On September 6, our blog focused on protecting your dog against zoonotic diseases. Today, we are going to turn our attention to cats and some of the zoonotic diseases they can carry. Remember, zoonotic diseases are diseases that can be transmitted between animals and humans. If a pet is infected with a zoonotic disease, this does not automatically mean the average person will also contract the disease. However, it is important to understand which diseases may pose a risk to humans and always practice good sanitation and hygiene. Also, note that individuals with underdeveloped or weakened immune systems (e.g., infants, elderly, those with suppressed immune systems) could be more susceptible. Always consult your healthcare provider for questions regarding human health.
Many of the topics we discussed in our blog about dogs and zoonotic diseases also apply to cats. Keeping vaccines current (most specific to this discussion – the rabies vaccine), utilizing a routine prophylactic dewormer (such as monthly Revolution), having an annual fecal sample analyzed, and keeping cats out of situations where they can encounter wildlife are all excellent steps to take. But there are some other items that we should also discuss that are more specific to your feline friend – take a look…
Zoonotic Disease Considerations for Cats:
For felines, the most important vaccine to consider in a discussion about zoonotic diseases is the Rabies vaccine. North Carolina law requires that all cats and dogs be kept current on the rabies vaccine at all times. As a reminder, Lawndale Veterinary Hospital is holding a rabies vaccine clinic in honor of World Rabies Day on Thursday, September 28, 2017 from 8 AM to 5 PM. Vaccines will be $12 and walk-ins are welcome. Should your pet need other veterinary services though, please schedule an appointment.
Deworm and Stay Current with Annual Fecal Testing
- As with dogs, routinely deworming cats can remove certain intestinal parasites, some of which may be zoonotic. Some of the more common intestinal parasites that can be zoonotic include roundworms and hookworms. If your cat receives monthly Revolution, then he or she is protected against these roundworms and hookworms.
- Tapeworms that are transmitted by fleas can also pose a zoonotic risk, although less commonly (if the flea is ingested). If your cat becomes infested with fleas, you should be on the lookout for tapeworms. If you notice rice-like segments in your cat’s feces, these could be consistent with tapeworms.
- There are other species of tapeworms (Echinococcus spp. and Diphyllobothrium spp.) found in wildlife that can also pose a zoonotic risk. These are more of a problem for cats who are hunters and spend time outdoors.
- Since pets can have intestinal parasite infections without showing clinical signs, make sure you have your cat’s fecal sample checked at least annually.
Utilize Ectoparasite Prevention
Year-round flea and tick prevention is best. Both fleas and ticks can transmit zoonotic diseases. For cats, one of the zoonotic diseases you may have heard about is Cat Scratch Disease. This is caused by the bacterium Bartonella henselae, which can be transmitted by fleas (either through flea bites or flea feces). Many cats infected with this bacterium do not show signs of disease. They can transmit the infection to humans through a scratch, bite, or licking an open wound on a person’s skin.
Cats can develop a fungal skin infection called ringworm. Some cats can carry this fungal organism without showing symptoms. Others can develop skin lesions such hair loss, scaling, or a change in skin color. We tend to see ringworm in cats who came from an environment that housed a large number of animals.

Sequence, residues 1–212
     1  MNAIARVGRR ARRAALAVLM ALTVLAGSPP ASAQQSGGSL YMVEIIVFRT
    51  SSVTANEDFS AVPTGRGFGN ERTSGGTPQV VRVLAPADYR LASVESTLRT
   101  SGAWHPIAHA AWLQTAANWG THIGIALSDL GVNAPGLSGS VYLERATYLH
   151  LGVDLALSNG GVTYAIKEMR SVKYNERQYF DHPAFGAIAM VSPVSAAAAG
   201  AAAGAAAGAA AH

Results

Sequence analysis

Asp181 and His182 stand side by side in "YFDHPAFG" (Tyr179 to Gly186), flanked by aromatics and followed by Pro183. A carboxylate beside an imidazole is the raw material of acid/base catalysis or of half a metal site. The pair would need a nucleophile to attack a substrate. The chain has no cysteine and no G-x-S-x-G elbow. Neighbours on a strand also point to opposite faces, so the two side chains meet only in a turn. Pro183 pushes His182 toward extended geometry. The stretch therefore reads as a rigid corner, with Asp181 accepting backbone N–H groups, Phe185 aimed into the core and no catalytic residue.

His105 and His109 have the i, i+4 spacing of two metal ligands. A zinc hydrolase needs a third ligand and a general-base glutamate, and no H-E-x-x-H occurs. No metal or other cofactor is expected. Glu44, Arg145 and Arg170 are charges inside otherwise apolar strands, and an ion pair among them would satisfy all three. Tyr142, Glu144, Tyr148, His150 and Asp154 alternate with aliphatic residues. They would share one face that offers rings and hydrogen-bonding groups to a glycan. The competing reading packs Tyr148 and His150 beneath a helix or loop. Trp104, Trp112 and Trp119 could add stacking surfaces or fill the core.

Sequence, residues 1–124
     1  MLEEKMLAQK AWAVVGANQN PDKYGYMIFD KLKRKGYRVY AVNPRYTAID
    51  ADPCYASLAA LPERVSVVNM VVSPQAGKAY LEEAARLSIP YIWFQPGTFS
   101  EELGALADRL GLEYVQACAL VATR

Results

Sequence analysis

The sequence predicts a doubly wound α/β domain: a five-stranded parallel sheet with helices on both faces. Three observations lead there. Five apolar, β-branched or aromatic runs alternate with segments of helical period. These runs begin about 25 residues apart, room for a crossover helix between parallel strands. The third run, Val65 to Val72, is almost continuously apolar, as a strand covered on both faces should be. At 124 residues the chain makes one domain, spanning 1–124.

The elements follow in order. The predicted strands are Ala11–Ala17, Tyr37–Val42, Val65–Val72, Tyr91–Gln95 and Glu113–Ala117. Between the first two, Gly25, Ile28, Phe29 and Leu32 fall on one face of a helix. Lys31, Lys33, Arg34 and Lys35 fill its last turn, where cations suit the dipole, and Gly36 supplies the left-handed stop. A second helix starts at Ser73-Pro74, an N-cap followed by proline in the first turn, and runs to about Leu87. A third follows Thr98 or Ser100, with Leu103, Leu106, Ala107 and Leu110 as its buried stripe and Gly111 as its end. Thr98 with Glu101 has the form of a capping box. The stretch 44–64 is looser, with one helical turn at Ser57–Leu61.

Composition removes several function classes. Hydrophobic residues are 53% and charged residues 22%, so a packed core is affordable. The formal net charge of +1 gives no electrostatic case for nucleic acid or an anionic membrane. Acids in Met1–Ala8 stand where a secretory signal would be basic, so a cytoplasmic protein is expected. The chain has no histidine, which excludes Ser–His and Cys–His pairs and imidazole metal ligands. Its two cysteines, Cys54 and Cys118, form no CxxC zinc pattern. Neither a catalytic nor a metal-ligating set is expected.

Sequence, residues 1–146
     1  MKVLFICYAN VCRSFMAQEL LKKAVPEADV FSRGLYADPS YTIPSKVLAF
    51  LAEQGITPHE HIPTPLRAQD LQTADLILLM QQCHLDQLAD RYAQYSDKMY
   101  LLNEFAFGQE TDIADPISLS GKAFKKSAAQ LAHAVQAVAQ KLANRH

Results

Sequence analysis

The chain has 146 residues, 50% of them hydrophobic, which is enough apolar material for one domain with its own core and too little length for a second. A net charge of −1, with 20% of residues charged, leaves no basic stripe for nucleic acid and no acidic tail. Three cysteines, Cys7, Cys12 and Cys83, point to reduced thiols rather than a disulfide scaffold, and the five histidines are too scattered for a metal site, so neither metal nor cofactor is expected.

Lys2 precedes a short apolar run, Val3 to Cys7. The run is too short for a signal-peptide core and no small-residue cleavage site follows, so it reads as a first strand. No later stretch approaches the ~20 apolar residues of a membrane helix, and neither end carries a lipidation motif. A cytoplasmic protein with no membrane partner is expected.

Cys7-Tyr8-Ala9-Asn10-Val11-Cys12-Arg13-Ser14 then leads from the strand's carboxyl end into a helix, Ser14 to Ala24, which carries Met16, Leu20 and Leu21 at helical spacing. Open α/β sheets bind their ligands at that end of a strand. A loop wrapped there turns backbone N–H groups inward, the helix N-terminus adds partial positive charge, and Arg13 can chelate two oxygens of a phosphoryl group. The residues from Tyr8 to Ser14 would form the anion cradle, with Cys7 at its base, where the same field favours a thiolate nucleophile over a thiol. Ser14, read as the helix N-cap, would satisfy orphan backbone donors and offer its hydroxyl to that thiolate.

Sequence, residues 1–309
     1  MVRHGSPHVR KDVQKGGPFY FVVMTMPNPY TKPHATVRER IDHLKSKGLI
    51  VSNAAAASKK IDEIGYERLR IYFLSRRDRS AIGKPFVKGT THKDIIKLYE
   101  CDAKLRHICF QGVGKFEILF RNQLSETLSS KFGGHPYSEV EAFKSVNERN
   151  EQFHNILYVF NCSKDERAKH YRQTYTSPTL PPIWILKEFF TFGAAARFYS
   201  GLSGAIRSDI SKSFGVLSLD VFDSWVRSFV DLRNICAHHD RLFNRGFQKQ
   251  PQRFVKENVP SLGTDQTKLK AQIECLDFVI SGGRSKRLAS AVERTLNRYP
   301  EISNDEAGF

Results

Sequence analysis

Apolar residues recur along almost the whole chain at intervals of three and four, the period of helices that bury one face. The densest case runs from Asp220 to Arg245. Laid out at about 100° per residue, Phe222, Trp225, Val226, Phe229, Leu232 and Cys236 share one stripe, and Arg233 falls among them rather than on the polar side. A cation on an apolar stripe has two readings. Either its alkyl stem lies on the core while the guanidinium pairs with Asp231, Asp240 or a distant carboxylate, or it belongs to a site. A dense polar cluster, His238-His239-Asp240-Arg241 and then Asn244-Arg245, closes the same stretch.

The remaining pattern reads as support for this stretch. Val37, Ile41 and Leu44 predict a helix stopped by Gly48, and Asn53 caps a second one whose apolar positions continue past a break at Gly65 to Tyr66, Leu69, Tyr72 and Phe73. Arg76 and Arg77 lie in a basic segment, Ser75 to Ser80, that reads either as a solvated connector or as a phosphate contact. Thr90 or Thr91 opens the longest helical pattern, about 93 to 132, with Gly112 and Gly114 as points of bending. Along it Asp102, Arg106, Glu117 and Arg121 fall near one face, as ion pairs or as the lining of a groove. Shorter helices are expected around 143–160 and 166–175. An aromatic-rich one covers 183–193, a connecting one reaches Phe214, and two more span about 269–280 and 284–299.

Minimize Roaming and Contact with Wildlife
Being outdoors and/or around wild animals can cause cats to be exposed to some zoonotic diseases. Keeping cats indoors can protect them from many of these concerns. Here are some things a cat could encounter:
- Parasites: There are a number of parasites that cats can encounter or become infected with through roaming, interacting with wildlife, or hunting wildlife. Examples include external parasites (fleas, ticks), internal parasites (including roundworms, hookworms, tapeworms), and protozoal infections (such as Giardiasis, Toxoplasmosis, Cryptosporidiosis).
- Injuries: Outdoor cats have the potential to become involved in fighting – either with other outdoor cats, or with wild animals. This can lead to injuries, wounds, and infections that need to be addressed by a veterinarian. Additionally, there is the potential for disease transmission (including rabies – see below).
- Rabies: If your cat has physical contact with a wild animal, then your cat may be bitten or scratched. If that wild animal is rabid, then your cat can be exposed to the rabies virus through that contact. Cats who are current on their rabies vaccine should get the rabies vaccine boostered within 72 hours of contacting wildlife. Cats who are not current on their rabies vaccine will need to be quarantined, or possibly even euthanized depending on the situation – which is reason enough to keep that rabies vaccine current at all times!
- Bat encounters: We have all heard stories about bats being found inside homes. Bats can carry rabies, so it’s best never to handle a bat that you find. If you find a bat somewhere in your home, close that room off and contact animal control for removal and rabies testing of the bat. Contact your local public health office or your physician to discuss what should be done for your family’s health. Animal control will also advise you on the next steps if you have pets, which will be dependent on whether or not your pet’s rabies vaccine status is up-to-date. You can learn more and find resources about bats and rabies by visiting the One Health Commission’s website.
Author: Dr. C. Noureddine, DVM, MS, MS
Photo Credits: www.pixabay.com